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“Alfalfa - ice cream in the making,” is a common saying amongst forage farmers, and if you’ve had ice cream or cheese pizza recently, you may be more involved with alfalfa than you realize. Alfalfa is a key producer of food, primarily through dairy products. Without this worldwide crop, the foods many of us enjoy on a day-to-day basis may cease to exist.

Hay and silage farmers, scientists, and forage industry professionals from around the world will gather in San Diego, California this November for a four-day session to talk all things alfalfa.

The purpose of the World Alfalfa Congress is to share knowledge, new research data, and industry trends about Medicago sativa, the crop known as alfalfa in the US and as lucerne in many other parts of the world.

This Congress is being organized by an international committee from around the globe, though hosted by the American contingent. This meeting follows the first World Alfalfa Congress (Bengbu China, 2015) and the second Alfalfa Congress (Cordoba Argentina, 2018).

Alfalfa is one of the most important forage crops in the world and the fourth most valuable field crop in the United States as of 2022. Alfalfa is a crucial part of the agricultural landscape, as it is grown on over 16 million acres in the US and is important in many other countries. World trade in alfalfa hay has increased in recent years, with a strong interest in Asia, Europe, North Africa, and the Middle East.

Additionally, alfalfa is a major contributor to the environmental health of our ecosystem by providing healthy soils, clean water, and wildlife habitat – a key theme for this Congress. “Those of us that work with alfalfa have a deep appreciation for how alfalfa can benefit soils, carbon balance, and wildlife habitat, in addition to being a profitable food crop; however, this is not widely appreciated,” said Dr. Dan Putnam, UC Davis Professor of Extension and Forage Specialist and program chair.

Key organizer Dr. Christian Huyghe (Paris, France) notes that with nitrogen fertilizer prices soaring, and environmental issues requiring more attention, alfalfa likely has an increased role in the future. “The advantages of biological nitrogen fixation of this important legume and its role in crop rotations is likely not well understood by the general public, or even sometimes by farmers,” he said.

The Congress is co-sponsored by a wide range of organizations from around the world: National Alfalfa & Forage Alliance (NAFA-US), California Alfalfa & Forage Association (CAFA-US); UC Davis (US); USDA-ARS (US); China Grasslands Association (China); China Alfalfa Industry Association (China); INRAE (France); INTA (Argentina); CIDE (EU); China Agricultural University (Beijing); and AEFA (Spain).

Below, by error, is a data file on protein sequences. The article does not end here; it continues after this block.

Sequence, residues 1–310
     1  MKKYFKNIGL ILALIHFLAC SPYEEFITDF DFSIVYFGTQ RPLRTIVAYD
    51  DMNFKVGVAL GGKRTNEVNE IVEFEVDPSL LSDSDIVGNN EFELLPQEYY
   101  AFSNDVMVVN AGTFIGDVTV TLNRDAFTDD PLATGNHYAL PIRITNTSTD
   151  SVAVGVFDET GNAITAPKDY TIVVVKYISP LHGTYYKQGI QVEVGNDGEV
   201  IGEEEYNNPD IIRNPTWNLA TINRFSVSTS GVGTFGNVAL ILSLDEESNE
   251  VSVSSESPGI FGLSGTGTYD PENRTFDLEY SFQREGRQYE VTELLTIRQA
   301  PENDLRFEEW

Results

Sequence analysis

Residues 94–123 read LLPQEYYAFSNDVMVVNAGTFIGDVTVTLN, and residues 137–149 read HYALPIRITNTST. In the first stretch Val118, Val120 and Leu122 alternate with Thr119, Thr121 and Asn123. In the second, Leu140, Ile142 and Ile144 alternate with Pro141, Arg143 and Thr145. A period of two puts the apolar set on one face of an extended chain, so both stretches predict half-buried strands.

“The worldwide nature of the World Alfalfa Congress will give us a chance to enrich our knowledge of this important crop,” said Dennis Hancock, Director of the USDA-ARS Dairy Forage Research Center at Madison, Wisconsin. “This is a great opportunity to exchange experiences and scientific findings from around the world.”

Program topics include economic and ecological importance of alfalfa, genetics and breeding, agronomic practices, exports, soil fertility, weeds, pests and diseases, forage machinery, new uses, forage quality, equipment, irrigation, water, and environmental aspects.

The Congress features a one-day training on pest management and irrigation for practitioners, as well as two days of technical presentations. The program also features a full day touring the Imperial Valley, an important alfalfa-growing area in Southern California. The tour will feature year-round alfalfa production, irrigation methods, research plots, hay and seed exports, environmental issues, winter vegetable production, and equipment displays.

The Congress targets scientists, farmers, consultants, and industry members, as well as the general public interested in this important crop.

San Diego offers an enjoyably warm climate for a November meeting. “We should have excellent attendance and plenty of outside attractions for attendees,” says Nicole Helms, Executive Director of CAFA and key organizer.

Company sponsorships and exhibitors are welcome and provide an excellent opportunity to network with industry. “We expect 70-80 exhibitors at this event,” said Beth Nelson, from St. Paul, MN, key organizer and president of NAFA. These grower-member organizers (NAFA and CAFA) represent a wide range of alfalfa and forage farmers in the US.

Scientific posters and oral presentations are welcome, and registrations are now open.

For ongoing information, registration, exhibit and sponsorship information, and to submit papers please see: